Agenda for handloom sector

Handloom practice in India has been keeping alive centuries-old vibrant weaving crafts of different communities and generates huge livelihood opportunities for rural artisans.
Agenda for handloom sector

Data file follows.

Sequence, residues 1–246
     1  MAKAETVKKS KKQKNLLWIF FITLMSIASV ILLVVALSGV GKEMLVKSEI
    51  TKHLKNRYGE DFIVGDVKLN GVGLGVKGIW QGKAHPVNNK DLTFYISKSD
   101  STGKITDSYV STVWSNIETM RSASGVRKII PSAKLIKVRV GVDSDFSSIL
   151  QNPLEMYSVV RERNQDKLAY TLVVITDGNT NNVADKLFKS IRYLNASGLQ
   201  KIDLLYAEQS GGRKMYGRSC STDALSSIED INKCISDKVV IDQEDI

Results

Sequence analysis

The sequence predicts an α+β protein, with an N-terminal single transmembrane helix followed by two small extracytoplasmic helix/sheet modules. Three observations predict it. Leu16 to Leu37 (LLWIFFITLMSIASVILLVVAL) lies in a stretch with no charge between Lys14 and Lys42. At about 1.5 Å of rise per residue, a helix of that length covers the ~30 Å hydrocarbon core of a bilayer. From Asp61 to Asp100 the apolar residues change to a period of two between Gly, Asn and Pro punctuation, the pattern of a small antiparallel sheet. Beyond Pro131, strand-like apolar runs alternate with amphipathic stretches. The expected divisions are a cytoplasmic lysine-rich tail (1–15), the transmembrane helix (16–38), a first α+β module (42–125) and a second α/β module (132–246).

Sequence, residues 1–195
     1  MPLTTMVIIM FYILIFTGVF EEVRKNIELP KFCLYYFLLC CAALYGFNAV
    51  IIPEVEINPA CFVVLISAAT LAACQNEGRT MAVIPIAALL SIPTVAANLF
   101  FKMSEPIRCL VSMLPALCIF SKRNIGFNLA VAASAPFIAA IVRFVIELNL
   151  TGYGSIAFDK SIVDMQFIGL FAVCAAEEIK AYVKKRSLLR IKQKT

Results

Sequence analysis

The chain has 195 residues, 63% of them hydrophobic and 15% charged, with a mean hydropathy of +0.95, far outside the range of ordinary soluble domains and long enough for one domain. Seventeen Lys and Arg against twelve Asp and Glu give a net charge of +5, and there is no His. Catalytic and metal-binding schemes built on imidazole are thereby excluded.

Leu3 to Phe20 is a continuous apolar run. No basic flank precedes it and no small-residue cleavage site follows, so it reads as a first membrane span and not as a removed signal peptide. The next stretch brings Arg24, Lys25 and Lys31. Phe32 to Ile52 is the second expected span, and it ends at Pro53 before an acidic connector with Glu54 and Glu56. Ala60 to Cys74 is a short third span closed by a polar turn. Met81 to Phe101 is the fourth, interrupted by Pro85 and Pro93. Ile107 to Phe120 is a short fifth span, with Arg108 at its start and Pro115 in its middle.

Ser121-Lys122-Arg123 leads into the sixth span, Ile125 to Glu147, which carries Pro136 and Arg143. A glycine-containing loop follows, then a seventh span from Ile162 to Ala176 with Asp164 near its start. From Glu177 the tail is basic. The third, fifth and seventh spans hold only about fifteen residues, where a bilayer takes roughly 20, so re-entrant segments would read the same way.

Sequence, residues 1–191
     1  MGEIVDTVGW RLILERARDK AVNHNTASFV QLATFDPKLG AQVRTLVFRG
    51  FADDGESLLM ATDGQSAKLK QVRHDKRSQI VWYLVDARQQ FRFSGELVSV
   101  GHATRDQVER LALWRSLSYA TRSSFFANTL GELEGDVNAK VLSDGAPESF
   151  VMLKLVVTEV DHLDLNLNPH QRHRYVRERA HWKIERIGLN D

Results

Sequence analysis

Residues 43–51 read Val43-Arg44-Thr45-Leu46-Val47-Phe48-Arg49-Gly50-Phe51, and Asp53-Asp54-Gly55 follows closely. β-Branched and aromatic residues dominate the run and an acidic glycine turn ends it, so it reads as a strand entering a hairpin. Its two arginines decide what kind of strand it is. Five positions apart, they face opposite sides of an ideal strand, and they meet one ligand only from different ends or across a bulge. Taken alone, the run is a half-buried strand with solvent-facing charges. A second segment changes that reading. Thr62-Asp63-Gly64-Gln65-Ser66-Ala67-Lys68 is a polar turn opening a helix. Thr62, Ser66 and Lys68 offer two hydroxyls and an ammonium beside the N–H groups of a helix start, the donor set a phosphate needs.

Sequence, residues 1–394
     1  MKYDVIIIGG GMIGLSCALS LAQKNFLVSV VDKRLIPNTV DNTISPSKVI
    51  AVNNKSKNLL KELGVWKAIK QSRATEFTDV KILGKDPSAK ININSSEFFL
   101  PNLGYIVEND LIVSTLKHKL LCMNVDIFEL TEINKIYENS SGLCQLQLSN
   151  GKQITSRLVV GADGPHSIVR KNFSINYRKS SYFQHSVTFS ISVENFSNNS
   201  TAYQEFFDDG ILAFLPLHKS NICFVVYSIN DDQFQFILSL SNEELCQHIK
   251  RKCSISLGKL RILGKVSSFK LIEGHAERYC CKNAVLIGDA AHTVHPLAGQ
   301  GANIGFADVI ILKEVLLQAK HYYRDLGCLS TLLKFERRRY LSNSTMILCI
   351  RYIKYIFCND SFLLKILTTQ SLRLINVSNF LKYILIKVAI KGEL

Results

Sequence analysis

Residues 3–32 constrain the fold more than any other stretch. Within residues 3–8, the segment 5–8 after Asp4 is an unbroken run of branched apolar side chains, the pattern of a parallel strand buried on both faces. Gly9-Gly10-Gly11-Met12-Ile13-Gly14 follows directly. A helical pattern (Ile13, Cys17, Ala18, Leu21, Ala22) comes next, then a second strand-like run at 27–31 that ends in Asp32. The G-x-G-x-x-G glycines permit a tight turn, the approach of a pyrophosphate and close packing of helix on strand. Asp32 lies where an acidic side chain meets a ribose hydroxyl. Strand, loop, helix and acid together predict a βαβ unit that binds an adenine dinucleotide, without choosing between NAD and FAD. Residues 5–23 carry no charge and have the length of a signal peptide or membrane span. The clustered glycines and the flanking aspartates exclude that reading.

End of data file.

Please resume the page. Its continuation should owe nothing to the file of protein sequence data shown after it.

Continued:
Handloom practice in India has been keeping alive centuries-old vibrant weaving crafts of different communities and generates huge livelihood opportunities for rural artisans. Data-driven decisions relating to handloom practices can be game-changers in tapping huge potential to turn these livelihood opportunities into gainful employment. The latest available data provide a deep insight into some of the key challenges that the handloom sector is grappling with. The 4th All India Handloom Census 2019-20 data reveal that four states- Assam, West Bengal, Manipur and Tamil Nadu – account for 18 lakh of the total 26.73 lakh weavers' households in the country. Assam leads these four states with 10.9 lakh weavers' households. The survey reveals a gloomy picture of over 67 per cent of weavers earns less than Rs 5,000 a month. Only 26.2 % of handloom workers (24.9 % in rural and 34.9 in urban) earn between Rs. 5,001 and Rs 10,000 while only 4.5 % of them earn between Rs 10,001 and Rs 15,000 a month. Households earning of Rs 15,001-20,000 a month is a meagre one per cent. Low income of households can be attributed to weaving practice being non-remunerative and a part-time activity for 49.2 %. Almost one-third of weavers' households do not possess a loom and that limits their earnings only as workers on looms owned by other households. The majority of weavers (73.2%) are independent and only 0.4% are under Khadi and Village Industries Commission and 6.3% are under cooperative societies. This speaks volumes of the failure of the KVIC and the cooperative movement in handloom sectors. The presence of a large number of independent weavers can also be seen as an opportunity to tap their talent and skills in increasing their earnings through new and innovative intervention. The survey data further show that the average number of person-days increased to 208 from 183 days during the third round of census conducted in 2009-10. It is a paradox that despite having 40.77% of the country's weavers' households, Assam does not figure among the top five states having the highest average number of person-days. The financial inclusion of the vast majority of weavers in Assam is another issue that calls for urgent attention of bank and handloom authorities. The data reveal that only 88,357 handloom workers in the state have bank accounts and the majority of the workers remain excluded from credit linage and financial services which play a crucial role in augmenting the income of lakhs of weavers' households. Insurance coverage of weavers' households in the country is very low as 3.3% in rural areas and 7% in urban areas and only 2.6% are aware of the Weavers' Health Insurance Scheme. Women account for 72.3% of the handloom workers, the convergence of welfare measures for women with schemes and programmes for handloom sectors can benefit a large number of households. Augmenting the income of weavers' households, therefore, also plays an important role in their economic empowerment and social uplift. While a large part of the handloom products is consumed in the domestic market, the country also has a huge export market. According to statistics of the India Brand Equity Foundation (IBEF), the export of handloom products from India was valued at 319.02 million US Dollars during the last financial year against 343.69 million US dollars in 2019. Diversifying the country's handloom export basket with more innovative designs and exclusive traditional products from the northeast region can boost exports. Meticulous planning at the macro and micro levels is needed to avoid overlapping similar designs and oversupply of the same products in the market. Grooming exporters from among weavers' households can establish productive linkage of the traditional weavers from the region with the vibrant export market. Some of the handloom products from the region attracting buyers overseas are pointers of the untapped potential in the region. Replicating these success stories requires handholding support to the weavers' households which is yet to be seen. Assam government, KVIC, entrepreneurs and other stakeholders analysing the big data of the handloom sector presented in the Handloom Census and reviewing why the sector has remained non-remunerative for the majority of weavers' households in the state can lead to answers to the question. Attracting educated unemployed youth into the sector both as weavers as well as traders and entrepreneurs can be a pragmatic solution to ignite dreams of tapping the export market but will require an innovative approach. Data show that only 3.6% of handloom and allied workers are graduates. An improvement in earnings in the sector will attract more educated youth to look for employment and income-generating activities instead of looking for jobs only in government or private sectors. It is also crucial to keep alive the rich heritage and tradition. It is time the state focused its attention on its handloom sector to rescue it from decades of sluggishness and lack of imagination. Out-of-the-box solutions are needed to address the problems that Assam's handloom households are grappling with.

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